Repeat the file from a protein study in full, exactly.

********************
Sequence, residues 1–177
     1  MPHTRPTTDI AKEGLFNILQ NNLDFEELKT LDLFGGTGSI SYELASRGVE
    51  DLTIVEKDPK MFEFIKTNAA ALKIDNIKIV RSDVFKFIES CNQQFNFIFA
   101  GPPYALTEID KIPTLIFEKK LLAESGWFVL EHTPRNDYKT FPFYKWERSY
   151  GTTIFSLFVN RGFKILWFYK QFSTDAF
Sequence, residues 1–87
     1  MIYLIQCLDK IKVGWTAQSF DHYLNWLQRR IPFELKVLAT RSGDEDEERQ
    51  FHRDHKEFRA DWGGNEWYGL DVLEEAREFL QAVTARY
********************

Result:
Sequence, residues 1–177
     1  MPHTRPTTDI AKEGLFNILQ NNLDFEELKT LDLFGGTGSI SYELASRGVE
    51  DLTIVEKDPK MFEFIKTNAA ALKIDNIKIV RSDVFKFIES CNQQFNFIFA
   101  GPPYALTEID KIPTLIFEKK LLAESGWFVL EHTPRNDYKT FPFYKWERSY
   151  GTTIFSLFVN RGFKILWFYK QFSTDAF
Sequence, residues 1–87
     1  MIYLIQCLDK IKVGWTAQSF DHYLNWLQRR IPFELKVLAT RSGDEDEERQ
    51  FHRDHKEFRA DWGGNEWYGL DVLEEAREFL QAVTARY